Methods: Using a Tensiomyographer (TMG 100 Measurement System, TGM - BMC Ltd.) and a Thermographic camera (ThermaCAM TM SC640, FLIR SYSTEMS), 20 professional Spanish soccer players were assessed the day after the weekly competition. They were recorded 5 variables by TMG (Delay Time [DT], Contraction Time [CT], Sustain Time [ST], Relaxation Time [RT] y Maximal Displacement [MxD]) in both Femoral Biceps (dominant [DFB] and non-dominant [NDFB]). Previously, it had been obtained the mean temperatures (T) of those areas by TG.
Results: Student T-test showed lack of significant differences between DFB and NDFB for all recorded variables (DTDBF = 26.7, DTNDBF = 27.5; CTDBF = 32.2, CTNDBF = 34.3; STDBF = 191.5, STNDBF = 199.8; RTDBF = 56.5, RTNDBF = 56.0; MxDDBF = 5.8, MxDNDBF = 5.7; TDBF = 33.8, TNDBF = 33.9). Indirect significant correlations were found between T and CT (r = -0.35; p 0.05) and DT (r = -0.39; p 0.05) considering together the results of both Femoral Biceps and, dividing the data in DFB and NDFB, they were found indirect significant differences between T and STDBF (r = -0.50; p 0.05) and between T and CTNDBF (r = -0.45; p 0.05) and DTNDBF (r = -0.49; p 0.05). Considering individual cases, TG reach similar results compared with TMG on the injury risk for each player.
Discussion and Conclusion.
Differences on the significant variables for the dominant leg may be due to different contraction pattern or function during the game or to different injuries prevalence for each leg. However, TG may be considered as a valid method in order to assess the injury risk of a professional soccer player.
1. D. Križaj, et al. (2008) Short-term repeatability of parameters extracted from radial displacement of muscle belly. Journal of Electromyography and Kinesiology,18 (4) pp 645-651.
3. Garagiola, U. & Giani, E. (1990). Use of telethermography in the management of sports injuries. Sports Medicine. 10(4): 267-272.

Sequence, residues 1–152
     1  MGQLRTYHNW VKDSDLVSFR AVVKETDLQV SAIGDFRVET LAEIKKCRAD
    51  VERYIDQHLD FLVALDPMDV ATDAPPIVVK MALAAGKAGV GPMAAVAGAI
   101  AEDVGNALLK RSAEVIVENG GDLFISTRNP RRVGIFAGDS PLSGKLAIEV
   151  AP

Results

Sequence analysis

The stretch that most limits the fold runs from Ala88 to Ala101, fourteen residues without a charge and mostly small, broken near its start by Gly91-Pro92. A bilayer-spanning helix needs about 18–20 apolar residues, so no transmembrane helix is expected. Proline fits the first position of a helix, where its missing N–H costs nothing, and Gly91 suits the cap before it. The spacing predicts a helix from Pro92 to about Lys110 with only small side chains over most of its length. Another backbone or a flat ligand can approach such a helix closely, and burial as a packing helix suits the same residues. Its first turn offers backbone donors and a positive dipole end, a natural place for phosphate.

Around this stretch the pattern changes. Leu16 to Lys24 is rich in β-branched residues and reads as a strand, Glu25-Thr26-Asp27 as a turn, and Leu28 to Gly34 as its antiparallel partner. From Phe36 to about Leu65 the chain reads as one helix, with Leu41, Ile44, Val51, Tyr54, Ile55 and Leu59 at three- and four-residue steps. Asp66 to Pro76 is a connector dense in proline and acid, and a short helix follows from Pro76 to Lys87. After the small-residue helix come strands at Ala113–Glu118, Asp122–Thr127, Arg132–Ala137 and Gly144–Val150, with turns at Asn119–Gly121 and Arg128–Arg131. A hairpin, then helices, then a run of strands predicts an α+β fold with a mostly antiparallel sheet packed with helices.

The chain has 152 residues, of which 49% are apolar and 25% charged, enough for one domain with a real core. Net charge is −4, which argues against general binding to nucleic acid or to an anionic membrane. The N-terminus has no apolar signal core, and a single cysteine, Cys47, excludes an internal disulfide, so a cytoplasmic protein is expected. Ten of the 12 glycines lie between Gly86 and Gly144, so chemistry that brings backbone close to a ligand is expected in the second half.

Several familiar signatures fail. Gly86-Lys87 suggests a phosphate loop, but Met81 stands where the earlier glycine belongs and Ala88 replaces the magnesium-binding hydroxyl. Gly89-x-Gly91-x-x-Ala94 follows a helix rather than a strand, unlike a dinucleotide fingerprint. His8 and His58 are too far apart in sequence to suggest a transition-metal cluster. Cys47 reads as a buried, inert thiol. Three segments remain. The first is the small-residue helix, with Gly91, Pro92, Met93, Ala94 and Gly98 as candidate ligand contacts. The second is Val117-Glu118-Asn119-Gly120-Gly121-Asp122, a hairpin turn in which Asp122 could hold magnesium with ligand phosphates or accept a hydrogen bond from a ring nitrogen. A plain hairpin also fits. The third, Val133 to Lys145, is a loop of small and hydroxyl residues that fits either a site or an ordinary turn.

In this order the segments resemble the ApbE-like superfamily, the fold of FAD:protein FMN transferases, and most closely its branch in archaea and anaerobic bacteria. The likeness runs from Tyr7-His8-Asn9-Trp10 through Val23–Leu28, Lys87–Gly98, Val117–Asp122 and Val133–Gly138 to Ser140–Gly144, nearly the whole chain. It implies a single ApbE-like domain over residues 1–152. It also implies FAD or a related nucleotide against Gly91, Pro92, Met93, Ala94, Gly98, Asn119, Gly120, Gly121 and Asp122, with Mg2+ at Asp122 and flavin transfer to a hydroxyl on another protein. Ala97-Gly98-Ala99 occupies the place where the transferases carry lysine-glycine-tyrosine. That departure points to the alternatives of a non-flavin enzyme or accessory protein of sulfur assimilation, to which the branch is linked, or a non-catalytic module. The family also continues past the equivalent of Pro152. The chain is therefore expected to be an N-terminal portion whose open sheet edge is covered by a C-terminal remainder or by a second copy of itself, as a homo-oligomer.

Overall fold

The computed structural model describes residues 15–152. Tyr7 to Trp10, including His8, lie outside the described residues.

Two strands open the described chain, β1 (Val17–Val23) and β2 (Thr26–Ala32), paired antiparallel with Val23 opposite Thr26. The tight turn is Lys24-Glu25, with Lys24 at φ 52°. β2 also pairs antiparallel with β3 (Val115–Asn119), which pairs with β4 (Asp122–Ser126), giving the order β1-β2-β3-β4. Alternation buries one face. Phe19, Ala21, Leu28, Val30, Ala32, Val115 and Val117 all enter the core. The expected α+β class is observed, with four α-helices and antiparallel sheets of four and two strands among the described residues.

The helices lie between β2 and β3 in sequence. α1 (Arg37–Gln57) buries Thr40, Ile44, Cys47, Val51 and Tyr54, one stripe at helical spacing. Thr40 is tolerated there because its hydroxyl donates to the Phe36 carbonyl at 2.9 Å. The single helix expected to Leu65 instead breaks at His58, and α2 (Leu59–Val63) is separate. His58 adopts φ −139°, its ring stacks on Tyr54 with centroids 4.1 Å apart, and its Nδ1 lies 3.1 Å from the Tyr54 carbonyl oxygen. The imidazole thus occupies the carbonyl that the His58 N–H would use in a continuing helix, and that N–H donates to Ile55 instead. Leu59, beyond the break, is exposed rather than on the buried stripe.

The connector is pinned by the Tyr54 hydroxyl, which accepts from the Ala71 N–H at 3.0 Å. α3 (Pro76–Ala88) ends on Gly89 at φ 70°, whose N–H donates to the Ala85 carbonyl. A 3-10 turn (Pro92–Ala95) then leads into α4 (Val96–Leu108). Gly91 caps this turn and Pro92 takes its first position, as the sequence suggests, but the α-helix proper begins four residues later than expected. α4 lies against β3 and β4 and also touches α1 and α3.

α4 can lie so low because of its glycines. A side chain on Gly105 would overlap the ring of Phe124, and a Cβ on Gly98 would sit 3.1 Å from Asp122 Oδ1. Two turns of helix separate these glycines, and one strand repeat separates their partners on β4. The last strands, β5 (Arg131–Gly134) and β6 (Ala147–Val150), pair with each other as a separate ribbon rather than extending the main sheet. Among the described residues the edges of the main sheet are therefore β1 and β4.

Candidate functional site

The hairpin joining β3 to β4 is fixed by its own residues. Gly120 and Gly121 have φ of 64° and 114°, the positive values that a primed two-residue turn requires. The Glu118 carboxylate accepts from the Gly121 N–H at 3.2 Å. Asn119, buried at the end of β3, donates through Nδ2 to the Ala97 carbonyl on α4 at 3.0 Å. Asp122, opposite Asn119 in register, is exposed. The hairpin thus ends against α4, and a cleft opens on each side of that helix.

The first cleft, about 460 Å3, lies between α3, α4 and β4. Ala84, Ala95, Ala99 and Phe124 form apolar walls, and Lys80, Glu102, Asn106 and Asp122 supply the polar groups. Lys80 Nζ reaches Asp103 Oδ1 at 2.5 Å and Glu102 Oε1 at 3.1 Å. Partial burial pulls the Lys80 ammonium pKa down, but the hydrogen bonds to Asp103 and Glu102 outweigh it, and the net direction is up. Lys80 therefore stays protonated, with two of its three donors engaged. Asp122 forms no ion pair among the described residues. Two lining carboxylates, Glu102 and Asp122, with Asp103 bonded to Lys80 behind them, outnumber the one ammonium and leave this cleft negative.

4. Barnes, R.B. (1967). Determination of body temperature by infrared emission. J. Appl. Physiol. 22:1143-1146.
INFLUENCE OF COLD WATER FACE IMMERSION ON POST-EXERCISE PARASYMPATHETIC REACTIVATIONAL HADDAD, H., AHMAIDI, S., BUCHHEIT, M.
RESEARCH LABORATORY, EA-3300 «LABORATORY OF EXERCISE PHYSIOLOGY AND REHABILITATION», FACULTY OF SPORT SCIENCES, UNIVERSITY OF PICARDIE, JULES VERNE, 80025, AMIENS, FRANCE.Introduction: A delayed parasympathetic reactivation after exercise is associated with an increased risk of sudden cardiac death. Thus, means of improving post-exercise parasympathetic reactivation are now receiving greater interest. Hayashi et al. (1997) showed that cold water face immersion (CWFI) can increase vagal activity (i.e., inferred from heart rate (HR) variability (HRV)) at rest, but whether this beneficial effect is preserved during recovery after exercise is not known. Therefore, the aim of the present study was to investigate the effect of CWFI on parasympathetic reactivation following exercise.
Methods: Eleven men (21.6±1.3 yr; 1.80±0.06 m; 76.1±13.0 Kg) performed, on two different occasions, an intermittent exercise (i.e., a cycling 30-s Wingate test (to reduce vagal activity) followed by a 5-min run at 60% of maximal aerobic velocity, interspersed with 5-min of seated recovery). Immediately after the 5-min run, participants underwent a seated passive recovery with either CWFI or without (C) condition. Participants breathed through a snorkel in both recovery conditions. In CWFI condition, water temperature was kept at 10-12°C.
Parasympathetic reactivation was assessed through beat-to-beat HR collection (Polar Electro, Kempele, Finland) during the 5-min following the submaximal exercise (Buchheit et al., 2007). Absolute HR recovery was calculated from the immediate 60s period after exercise